In this era, we won’t have time to play catch-up. That said, there also is a great need for our military to have the capability to fight guerrilla wars. The two needs should not be and aren’t mutually exclusive.

JOHN R. MCCOY

Sykesville, Md.

Stop horse slaughter

The pro-slaughter people go on about unwanted horses and what to do with them. I have seen nothing that leads me to believe America will be inundated eventually with equines wandering the streets if slaughter is stopped. I agree with Christopher J. Heyde (“Slaughtering horses is cruel,” Op-Ed, yesterday). Let’s just end this nonsense and get on with the business of taking care of these animals. The anti-slaughter folks aren’t going away; contrarily, their camp is growing in both numbers and resolve.

Mr. Heyde is correct that slaughter is not euthanasia. If you have trouble making the distinction, get a dictionary. I have heard that euthanasia is costly. My vet charged me $100 to euthanize a horse, and that was on a Sunday in the pouring rain. My horse is buried on my place, but I understand many areas won’t allow this because of ground-contamination issues. Apparently, the chemicals in the horses’ systems leach out into the ground and water. Yet it’s OK to slaughter them and feed them to the folks overseas and to our zoo animals.

An estimated 40,000 horses are stolen from their owners every year in the United States. Many of these animals end up in slaughter plants. How many of them were “unwanted”?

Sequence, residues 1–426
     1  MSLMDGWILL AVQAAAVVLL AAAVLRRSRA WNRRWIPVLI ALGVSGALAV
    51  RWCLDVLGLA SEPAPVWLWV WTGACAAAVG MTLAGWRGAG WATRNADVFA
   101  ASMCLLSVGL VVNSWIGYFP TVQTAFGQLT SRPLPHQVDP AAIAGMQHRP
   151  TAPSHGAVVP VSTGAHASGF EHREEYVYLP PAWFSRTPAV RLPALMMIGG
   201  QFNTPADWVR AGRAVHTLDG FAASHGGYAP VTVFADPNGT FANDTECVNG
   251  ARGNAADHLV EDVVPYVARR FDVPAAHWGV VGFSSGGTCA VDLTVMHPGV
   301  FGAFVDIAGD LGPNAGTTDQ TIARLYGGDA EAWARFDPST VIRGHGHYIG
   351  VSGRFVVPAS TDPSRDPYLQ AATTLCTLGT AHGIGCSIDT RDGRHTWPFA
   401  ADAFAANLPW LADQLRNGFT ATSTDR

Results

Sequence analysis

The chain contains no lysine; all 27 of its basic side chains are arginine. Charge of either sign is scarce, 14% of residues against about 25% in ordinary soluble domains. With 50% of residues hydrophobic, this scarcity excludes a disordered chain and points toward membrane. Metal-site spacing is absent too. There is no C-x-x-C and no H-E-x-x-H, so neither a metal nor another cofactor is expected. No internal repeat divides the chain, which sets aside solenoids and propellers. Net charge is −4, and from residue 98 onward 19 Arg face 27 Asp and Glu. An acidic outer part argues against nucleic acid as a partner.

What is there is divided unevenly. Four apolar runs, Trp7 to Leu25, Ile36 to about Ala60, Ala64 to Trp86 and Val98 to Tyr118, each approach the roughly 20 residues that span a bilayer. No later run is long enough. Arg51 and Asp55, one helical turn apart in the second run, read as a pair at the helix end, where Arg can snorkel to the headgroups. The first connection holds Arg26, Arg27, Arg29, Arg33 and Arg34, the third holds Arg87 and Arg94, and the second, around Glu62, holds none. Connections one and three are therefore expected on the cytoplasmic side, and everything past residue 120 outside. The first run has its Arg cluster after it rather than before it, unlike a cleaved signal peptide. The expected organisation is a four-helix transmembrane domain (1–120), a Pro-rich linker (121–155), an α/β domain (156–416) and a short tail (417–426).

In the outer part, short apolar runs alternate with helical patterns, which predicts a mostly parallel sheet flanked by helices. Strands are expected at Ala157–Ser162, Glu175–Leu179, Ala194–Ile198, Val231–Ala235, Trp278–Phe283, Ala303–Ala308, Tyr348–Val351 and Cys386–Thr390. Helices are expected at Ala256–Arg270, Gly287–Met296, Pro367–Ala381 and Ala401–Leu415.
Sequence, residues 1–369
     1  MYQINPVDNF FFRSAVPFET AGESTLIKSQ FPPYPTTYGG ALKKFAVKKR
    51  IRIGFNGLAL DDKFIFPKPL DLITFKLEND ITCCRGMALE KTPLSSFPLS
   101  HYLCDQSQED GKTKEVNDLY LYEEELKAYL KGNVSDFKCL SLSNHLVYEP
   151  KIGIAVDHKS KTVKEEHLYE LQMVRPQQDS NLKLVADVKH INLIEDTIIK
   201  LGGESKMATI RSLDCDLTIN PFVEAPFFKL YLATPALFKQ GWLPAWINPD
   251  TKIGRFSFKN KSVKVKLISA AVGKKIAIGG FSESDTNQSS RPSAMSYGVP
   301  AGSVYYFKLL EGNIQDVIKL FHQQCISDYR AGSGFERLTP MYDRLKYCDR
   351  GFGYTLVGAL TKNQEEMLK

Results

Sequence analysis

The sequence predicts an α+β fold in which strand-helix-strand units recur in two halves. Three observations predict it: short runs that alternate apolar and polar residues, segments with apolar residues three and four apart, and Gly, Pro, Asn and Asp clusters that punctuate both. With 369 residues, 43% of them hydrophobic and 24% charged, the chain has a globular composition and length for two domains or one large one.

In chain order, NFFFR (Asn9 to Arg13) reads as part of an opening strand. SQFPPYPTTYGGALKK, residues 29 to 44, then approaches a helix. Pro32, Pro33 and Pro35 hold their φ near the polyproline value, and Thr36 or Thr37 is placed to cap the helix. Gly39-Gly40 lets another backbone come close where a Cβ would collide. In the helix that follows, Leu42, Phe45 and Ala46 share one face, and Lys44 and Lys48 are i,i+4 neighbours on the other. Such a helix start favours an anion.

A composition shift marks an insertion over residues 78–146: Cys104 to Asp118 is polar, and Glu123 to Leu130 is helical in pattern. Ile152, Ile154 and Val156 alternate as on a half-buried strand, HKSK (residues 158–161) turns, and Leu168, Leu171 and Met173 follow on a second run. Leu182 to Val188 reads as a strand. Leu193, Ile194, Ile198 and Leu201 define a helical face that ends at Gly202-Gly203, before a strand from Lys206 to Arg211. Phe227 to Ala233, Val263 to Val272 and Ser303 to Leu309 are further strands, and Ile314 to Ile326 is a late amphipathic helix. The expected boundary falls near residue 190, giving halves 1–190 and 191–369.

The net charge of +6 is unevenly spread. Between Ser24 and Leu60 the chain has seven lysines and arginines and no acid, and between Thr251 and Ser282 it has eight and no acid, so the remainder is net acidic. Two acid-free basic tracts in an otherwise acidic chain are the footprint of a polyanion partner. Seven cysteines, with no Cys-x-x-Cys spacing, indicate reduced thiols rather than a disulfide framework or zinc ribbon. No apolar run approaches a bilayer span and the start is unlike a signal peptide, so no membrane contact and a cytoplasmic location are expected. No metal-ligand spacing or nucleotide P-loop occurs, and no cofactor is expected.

We also should commend Ford Motor Co. It has stepped up to the plate to assist in saving America’s wild horses from slaughter. If I ever buy another car, it will be a Mustang, but in the meantime, I’ll be a Ford truck owner for life.

While the pro-slaughter folks keep shouting about all the unwanted horses, I question their motives. I wonder how people who consider themselves to be true horsemen can advocate such an inhumane practice. I speculate on whether they have ever witnessed a horse being slaughtered. I have to believe that if they ever were to watch the entire process, it would make them as ill physically as it does me. I have to believe that.

THERESA MESSICK

Pleasant Hill, Mo.

Patience needed in Iraq

In response to Donald Lambro’s “Pressure on Iraq” (Commentary, Thursday): Our patience shouldn’t be “coming to an end.” Who do we think we are, hinting at ultimatums to a democratically elected government? Certainly the world is learning the darker side of elections in the Middle East. Many Americans would like us to leave. So would Iran, unless our staying means Adel Abdul Mahdi, Iranian-backed SCIRI candidate, gets anointed to be the “real” prime minister.

Iraq seems to slip slowly into a civil war in which generally Iraqi Shi’ites and Sunnis kill each other. This causes more deaths at present than does al Qaeda in Iraq, which may have a new leader. One of the possible reasons Abu Musab Zarqawi supposedly was replaced was because his “supervisors” recognize that on his watch Muslims are killing Muslims. That’s bad pubic relations.

Moreover, the Iraqi government will be more representative if the 19-member National Security Council, which incorporates all major political parties, goes on track for some serious power sharing.

We should be encouraging our “wards,” and not be a kingmaker in a government we have midwifed and should allow to live increasingly on its own. Certainly, reinstating funds, currently appropriated down, for building democracy in Iraq should be on our agenda.

We should concentrate our efforts on doing the other good things, such as training and backing up Iraqi troops, rebuilding infrastructure and generally helping Iraqis “clear, hold and build” — the White House’s stated strategy for victory — on their future.

ONA BUNCE

Bethesda